Over many generations, humans, especially the male, would have stopped taking part in any activity whatsoever, unless prodded. Thus would have necessitated, the need for approval at every new step. The philosophic discourses that make it great to be doing things with no worry about the result, as one can see, fits here most appropriately as an umbrella of approval for whatever one wishes to do.

Book Review: Socrates

Book Review: Socrates by Voltaire. This short book describes the last days of Socrates. How, as Socrates say, drinking of poison does not amount to a big thing.
To me, this book made one thing clear. The way Xanthippe, the wife, shows disagreement and reproachful behavior at Socrates's actions, particularly of deeds of benevolence to his friend's daughter, makes this thing quite plain. Domineering is not new for conjugal life, Socrates can vouch for it.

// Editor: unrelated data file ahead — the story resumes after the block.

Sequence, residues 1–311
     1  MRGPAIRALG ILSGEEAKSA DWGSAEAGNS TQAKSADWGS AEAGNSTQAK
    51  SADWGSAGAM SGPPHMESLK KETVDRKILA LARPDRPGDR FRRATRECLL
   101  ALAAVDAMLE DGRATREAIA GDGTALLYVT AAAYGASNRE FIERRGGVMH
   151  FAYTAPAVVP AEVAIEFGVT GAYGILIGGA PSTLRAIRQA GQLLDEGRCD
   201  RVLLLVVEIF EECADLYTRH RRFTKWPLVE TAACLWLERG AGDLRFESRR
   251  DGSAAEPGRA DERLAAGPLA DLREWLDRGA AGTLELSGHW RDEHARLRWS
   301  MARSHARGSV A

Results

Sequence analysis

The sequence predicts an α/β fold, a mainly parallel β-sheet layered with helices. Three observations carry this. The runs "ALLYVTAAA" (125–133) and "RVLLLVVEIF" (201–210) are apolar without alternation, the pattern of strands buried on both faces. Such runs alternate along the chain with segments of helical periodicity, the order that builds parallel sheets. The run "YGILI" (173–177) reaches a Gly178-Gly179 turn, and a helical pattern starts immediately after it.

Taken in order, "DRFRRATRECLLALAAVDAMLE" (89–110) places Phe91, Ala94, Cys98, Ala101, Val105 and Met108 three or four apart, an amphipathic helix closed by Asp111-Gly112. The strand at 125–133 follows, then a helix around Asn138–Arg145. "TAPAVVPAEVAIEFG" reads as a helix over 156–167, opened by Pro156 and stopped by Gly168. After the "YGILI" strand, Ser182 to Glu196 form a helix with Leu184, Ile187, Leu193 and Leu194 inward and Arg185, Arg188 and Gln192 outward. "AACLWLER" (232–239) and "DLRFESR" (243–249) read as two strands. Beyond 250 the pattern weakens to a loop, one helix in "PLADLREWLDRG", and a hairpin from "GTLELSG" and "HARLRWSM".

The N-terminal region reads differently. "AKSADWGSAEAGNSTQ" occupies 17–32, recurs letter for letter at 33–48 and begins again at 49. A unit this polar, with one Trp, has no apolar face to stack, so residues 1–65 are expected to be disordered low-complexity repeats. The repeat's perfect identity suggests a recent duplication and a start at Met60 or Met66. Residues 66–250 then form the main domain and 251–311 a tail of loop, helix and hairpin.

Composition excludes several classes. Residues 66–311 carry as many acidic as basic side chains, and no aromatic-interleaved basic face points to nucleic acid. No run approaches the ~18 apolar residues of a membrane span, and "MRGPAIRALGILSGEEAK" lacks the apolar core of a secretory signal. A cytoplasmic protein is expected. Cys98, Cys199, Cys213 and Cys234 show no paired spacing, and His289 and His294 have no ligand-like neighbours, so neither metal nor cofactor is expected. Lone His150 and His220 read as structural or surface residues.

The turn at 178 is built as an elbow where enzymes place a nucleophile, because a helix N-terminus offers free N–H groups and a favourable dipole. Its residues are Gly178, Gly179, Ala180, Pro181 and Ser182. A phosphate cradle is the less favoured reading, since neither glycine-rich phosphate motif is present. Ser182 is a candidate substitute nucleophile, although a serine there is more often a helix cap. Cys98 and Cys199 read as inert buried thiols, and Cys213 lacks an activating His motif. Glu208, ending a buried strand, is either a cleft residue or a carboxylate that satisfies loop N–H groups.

This is followed by a description of his trial and judgement. "Socrates, you are accused of being a bad citizen; of corrupting the youth; of denying the plurality of the gods; of being a heretic, deist, atheist. Answer." How his replies are seen as blashphemy, and how he meets with his end. That is, after telling "Reflecting that pleasure comes from pain. It's in this manner that Eternal Happiness will be born from the miseries of life", he drinks the poison.

Saturday, September 9, 2017

Book Review: The Fourth Industrial Revolution

Book Review: The Fourth Industrial Revolution:  Proceedings of a Workshop (NAP)

If the first Industrial Revolution (1784) started production of steam, water, and other mechanical things, the second (1870) ushered in division of labor, mass production, and electricity, and the third (1969) gave us electronics, IT, automation, etc., the fourth could be thought of as Cyber-physical- - systems(?). That, and its implications for manufacturing, as well as its likely social and economic effects, are dealt with in this paper. It explores, the cross-sector collaboration between government, universities, and industry needed to accommodate emerging developments in the key technologies of the Fourth Industrial Revolution, namely artificial intelligence, virtual and augmented reality, and the Internet of Things.